Wouldn’t It Be Nice if It all Disappeared?

One of the biggest misconceptions people associate with learning disabilities is the fact that they can disappear with time. Some children are cursed with carsickness, while others can’t go near a peanut without breaking out in hives. Both of these unfortunate aspects of life can be outgrown, why can’t learning disabilities dissolve too?

It all comes down to the fact that there is something neurologically off in the brain, which will impact a person for the rest of their life. Unfortunately, some parents enter a state of denial that their “perfect” child has some type of disorder, or figure that the learning disability will go away as a child matures into adulthood. According to the website, “Breakthroughs in Learning,” the author explains that dismissing cases of learning disabilities have negative impacts on a child such as, “low self esteem, social withdrawal, anxiety, depression, or aggression and anger issues.” As a result, these issues that stem during a vulnerable time in a child’s life could easily carry on in their future, and can lead to more serious problems.

It is true that learning disabilities do not vanish and become invisible, but on the flip side, there are resources that make living with a learning disorder more manageable. For instance, newer technology has made it possible for pens to record lectures for those who learn better by simply listening. There are several apps like ModMath, Dyslexia toolbox, or MyTalksTools Mobile that make a huge difference for students who struggle in school. However, the article, Disabilities, Opportunities, Internetworking and Technology suggests that, “students with disabilities report that faculty attitudes are an important part of implementing successful academic accommodations in higher education.” Therefore, support from a school’s staff might be the most crucial resource that could prevent the psychological issues mentioned in the previous paragraph. Personally, I felt unsure of how to handle a learning disability when I was first diagnosed, but luckily staff members from the Disabled Student Programs and Services at my school guided me through the aftermath of the emotions that came along with the shock of it all. This group of determined, empathetic, and compassionate people became my mentors, as they taught me how to separate my beliefs between the grades I earned, and who I am as a person. Although learning disabilities will never permanently go away, a mixture of these  solutions allow a person who has a learning disability to feel as though it has disappeared.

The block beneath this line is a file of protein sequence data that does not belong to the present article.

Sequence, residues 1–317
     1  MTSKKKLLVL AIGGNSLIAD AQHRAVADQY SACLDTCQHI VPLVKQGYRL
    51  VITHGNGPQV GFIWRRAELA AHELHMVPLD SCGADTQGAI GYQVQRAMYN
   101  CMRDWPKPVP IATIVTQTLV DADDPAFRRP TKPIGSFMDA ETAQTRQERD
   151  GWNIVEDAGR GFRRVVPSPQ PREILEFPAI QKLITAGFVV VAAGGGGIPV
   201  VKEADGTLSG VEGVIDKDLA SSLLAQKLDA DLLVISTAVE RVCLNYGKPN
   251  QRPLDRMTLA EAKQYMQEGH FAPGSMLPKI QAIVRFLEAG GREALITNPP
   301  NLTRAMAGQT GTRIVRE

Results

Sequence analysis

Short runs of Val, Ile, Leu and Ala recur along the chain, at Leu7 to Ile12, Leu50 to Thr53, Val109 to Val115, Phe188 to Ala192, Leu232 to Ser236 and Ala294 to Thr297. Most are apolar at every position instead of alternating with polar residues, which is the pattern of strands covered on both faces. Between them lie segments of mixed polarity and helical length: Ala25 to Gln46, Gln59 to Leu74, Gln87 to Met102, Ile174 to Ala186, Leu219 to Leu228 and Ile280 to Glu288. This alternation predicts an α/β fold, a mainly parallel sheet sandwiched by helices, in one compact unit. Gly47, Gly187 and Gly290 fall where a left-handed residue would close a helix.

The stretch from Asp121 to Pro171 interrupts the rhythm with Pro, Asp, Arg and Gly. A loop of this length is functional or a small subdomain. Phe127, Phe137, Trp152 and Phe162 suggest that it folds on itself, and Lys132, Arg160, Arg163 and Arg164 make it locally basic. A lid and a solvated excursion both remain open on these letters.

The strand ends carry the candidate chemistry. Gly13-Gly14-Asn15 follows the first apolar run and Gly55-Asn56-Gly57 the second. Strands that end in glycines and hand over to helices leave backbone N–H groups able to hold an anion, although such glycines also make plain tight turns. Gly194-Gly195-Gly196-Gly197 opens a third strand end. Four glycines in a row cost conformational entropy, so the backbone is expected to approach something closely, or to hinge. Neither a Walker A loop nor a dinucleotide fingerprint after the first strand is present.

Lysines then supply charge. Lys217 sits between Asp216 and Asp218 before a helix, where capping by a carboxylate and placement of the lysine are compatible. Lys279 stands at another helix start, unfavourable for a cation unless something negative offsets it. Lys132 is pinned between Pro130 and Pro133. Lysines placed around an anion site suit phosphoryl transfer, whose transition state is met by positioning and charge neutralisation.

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One thought on “Wouldn’t It Be Nice if It all Disappeared?

  1. Hello! I just wanted to say that I really enjoyed reading your piece. As a student studying Cognitive Science, I find your topic very fascinating. I used to work with kids, and parents that were in denial of such disabilities was really hard to see. But I love how you note that though it may not be reversible, there are so many beneficial resources out there. Something I think most people fail to recognize. You mentioned that you were diagnosed with a learning disability as well, did you engage in any specific resources outside of staff members growing up that helped you gain control?

    Like

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